That was the sound of me bombing my first grad school exam. I walked out feeling fine, having finished all the required questions and more. In fact, I did terribly. In both percentage and percentile terms, this may be the worst mark in my academic history.

Surely it will be surpassed tomorrow, when I take my biochem exam. Two other biophysics students (second-years) were in the class, but they dropped it, leaving me as the only person in this chemistry class who does not hold a degree in chemistry.

I’d feel better if I felt like I were learning a lot, but mostly I just feel left in the dust, trying to decipher alien terms like “retro-aldol” and watching the rest of the class draw the structures of isoleucine and glyceraldehyde from memory. I can’t do problem 1a on the practice test.

I did vote, but it’s a small consolation.


I have my biochem midterm on Tuesday. The practice questions were just posted; I’m too scared to look at them, but hopefully I’ll be able to study tomorrow.

I filled out my absentee ballot today; if I mail it successfully tomorrow, it will mark the first time I have voted in an election. Very exciting.


Years ago my mother had mentioned that “The Day the Earth Stood Still” was one of the best science fiction movies she had seen, so when I saw that it was being shown at the Dudley House Sci-Fi Night, I resolved to go see it. It was definitely worth it; one of the best movies I’ve seen in a long time. Sure, it has some plot holes (why is the Martian a tall human with a slick hairdo?), and its moral isn’t exactly subtle, but after 55 years it still manages to convey the same urgent message.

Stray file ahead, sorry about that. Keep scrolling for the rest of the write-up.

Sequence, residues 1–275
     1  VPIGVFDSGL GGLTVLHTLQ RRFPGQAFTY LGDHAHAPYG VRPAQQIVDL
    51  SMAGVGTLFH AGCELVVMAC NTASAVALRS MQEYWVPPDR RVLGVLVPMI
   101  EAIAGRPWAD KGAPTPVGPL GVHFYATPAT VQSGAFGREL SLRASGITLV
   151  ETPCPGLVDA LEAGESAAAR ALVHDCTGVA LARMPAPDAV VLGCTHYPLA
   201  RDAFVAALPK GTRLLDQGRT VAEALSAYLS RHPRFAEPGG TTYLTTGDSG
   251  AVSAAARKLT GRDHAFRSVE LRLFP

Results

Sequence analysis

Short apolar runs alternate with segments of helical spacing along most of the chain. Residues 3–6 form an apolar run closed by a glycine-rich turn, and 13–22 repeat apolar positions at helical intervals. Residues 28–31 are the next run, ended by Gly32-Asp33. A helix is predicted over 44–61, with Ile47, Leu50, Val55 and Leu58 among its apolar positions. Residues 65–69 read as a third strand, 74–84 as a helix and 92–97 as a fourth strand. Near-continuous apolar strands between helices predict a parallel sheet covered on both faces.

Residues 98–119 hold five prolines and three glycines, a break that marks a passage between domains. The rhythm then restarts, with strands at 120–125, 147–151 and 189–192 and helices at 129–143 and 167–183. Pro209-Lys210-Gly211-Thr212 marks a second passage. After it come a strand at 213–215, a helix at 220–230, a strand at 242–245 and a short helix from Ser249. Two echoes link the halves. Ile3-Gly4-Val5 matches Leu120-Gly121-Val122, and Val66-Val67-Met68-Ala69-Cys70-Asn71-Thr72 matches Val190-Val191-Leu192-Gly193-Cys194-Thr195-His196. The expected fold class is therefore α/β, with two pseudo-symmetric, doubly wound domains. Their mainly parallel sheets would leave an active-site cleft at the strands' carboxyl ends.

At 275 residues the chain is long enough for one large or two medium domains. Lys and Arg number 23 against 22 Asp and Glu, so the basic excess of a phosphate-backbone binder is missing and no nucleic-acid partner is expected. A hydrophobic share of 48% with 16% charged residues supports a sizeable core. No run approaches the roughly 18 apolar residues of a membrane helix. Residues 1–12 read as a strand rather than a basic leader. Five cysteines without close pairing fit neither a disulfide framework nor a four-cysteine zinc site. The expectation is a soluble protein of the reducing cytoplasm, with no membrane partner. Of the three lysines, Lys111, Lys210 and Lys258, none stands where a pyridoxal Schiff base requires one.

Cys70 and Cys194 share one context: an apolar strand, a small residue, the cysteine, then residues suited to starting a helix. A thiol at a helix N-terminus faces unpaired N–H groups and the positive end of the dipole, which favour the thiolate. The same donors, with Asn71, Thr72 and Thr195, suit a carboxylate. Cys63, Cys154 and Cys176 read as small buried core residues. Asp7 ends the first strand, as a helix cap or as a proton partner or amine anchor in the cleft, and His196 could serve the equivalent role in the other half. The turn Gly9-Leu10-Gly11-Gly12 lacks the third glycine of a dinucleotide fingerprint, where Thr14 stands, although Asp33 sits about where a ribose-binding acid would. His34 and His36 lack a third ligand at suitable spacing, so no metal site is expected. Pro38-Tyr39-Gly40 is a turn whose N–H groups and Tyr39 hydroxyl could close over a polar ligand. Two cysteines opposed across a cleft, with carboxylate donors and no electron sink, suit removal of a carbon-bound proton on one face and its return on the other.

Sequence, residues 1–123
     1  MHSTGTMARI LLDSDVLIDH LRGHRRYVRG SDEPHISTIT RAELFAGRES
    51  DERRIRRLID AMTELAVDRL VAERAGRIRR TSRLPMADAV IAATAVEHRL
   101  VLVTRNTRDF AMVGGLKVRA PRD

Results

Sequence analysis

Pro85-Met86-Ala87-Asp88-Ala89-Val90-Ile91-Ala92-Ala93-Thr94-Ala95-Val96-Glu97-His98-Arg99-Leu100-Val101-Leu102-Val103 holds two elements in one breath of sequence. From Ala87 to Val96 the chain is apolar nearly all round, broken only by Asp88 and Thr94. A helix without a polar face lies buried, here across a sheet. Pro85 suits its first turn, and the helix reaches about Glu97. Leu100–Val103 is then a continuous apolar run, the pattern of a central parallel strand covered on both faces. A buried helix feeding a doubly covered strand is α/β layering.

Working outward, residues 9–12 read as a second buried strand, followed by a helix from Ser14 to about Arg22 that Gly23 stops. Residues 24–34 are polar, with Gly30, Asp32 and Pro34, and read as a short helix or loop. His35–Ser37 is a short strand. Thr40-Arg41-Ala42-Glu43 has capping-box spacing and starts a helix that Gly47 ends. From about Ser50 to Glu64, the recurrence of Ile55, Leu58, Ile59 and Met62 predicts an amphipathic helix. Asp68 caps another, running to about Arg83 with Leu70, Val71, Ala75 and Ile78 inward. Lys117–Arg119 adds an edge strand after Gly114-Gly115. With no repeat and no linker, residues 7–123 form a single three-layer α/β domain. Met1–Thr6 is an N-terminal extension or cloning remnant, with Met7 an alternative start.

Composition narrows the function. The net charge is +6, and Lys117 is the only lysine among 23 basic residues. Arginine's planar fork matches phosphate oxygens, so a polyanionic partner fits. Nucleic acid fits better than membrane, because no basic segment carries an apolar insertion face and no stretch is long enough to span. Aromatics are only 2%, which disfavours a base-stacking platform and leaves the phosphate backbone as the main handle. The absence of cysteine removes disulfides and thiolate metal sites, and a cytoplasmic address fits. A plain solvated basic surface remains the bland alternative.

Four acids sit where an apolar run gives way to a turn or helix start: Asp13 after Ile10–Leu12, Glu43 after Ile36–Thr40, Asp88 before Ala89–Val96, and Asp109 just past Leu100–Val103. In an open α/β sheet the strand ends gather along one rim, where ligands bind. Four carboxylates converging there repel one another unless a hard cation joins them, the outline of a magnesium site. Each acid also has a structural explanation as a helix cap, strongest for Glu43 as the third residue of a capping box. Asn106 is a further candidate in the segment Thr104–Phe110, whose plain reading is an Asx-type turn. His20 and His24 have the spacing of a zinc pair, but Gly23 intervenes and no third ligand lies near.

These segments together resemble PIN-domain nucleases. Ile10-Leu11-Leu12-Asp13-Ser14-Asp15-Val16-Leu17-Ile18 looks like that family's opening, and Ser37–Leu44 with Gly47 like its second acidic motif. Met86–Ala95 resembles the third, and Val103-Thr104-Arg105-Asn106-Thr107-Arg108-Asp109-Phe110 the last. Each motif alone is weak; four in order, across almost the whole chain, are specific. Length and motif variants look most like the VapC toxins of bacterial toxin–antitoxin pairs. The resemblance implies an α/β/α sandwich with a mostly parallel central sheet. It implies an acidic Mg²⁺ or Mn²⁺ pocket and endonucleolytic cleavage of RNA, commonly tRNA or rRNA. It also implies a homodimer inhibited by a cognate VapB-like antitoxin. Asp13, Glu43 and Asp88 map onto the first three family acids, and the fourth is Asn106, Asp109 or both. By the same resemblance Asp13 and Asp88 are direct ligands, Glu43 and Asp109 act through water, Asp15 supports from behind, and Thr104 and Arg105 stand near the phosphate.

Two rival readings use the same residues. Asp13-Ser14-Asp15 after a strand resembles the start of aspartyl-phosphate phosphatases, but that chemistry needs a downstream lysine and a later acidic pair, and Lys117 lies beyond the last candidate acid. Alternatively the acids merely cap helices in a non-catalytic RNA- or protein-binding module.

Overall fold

Go see it.


I just survived my first exam of Grad School (not my first Harvard exam, though). It wasn’t as hard as I thought it was going to be. At least, I was able to answer all the questions, even though we weren’t required to answer all the questions. None of this actually equates to score; I’m incredibly bad at guessing how well I did on a test. Suffice it to say: not too bad.


Something very cool happened that I completely forgot to mention. On Tuesday, I had my Medical Ethics dinner seminar. It was being held in a conference room in a building next to the main Med. School campus. I knew it was in the conference room on the 12th floor, which the security guard told me was in “the Folkman lab”. It was only after I walked into the lab that I realized the professor in question was Judah Folkman. Judah Folkman is perhaps the most famous anti-cancer researcher in the world, due to his discovery and development of angiogenesis inhibitors. He is a big enough celebrity that I recognized him immediately when he dropped in on our session to say “hi” and offer a cryptic half-joke on the neurology of trying to learn and eat at the same time.


I’m doing better but not great, preparing for this test and trying to do this chemistry problem set. I found a study group, and I had a realization: not having a textbook to refer to is a real problem if the lectures are not easily copied down. I just need to find a good biochemistry text. Tomorrow.


I spent my evening at a concert set up by the Toons, another MIT a cappella group. One of their alumni was just diagnosed with Multiple Sclerosis, so they decided to host a benefit concert for MS research. We performed, as did they, MIT Dance Troupe, singing groups from other colleges, and MIT’s improv comedy group. I wasn’t particularly happy with our performance, but it was a fun concert.

Now it is time for sleep.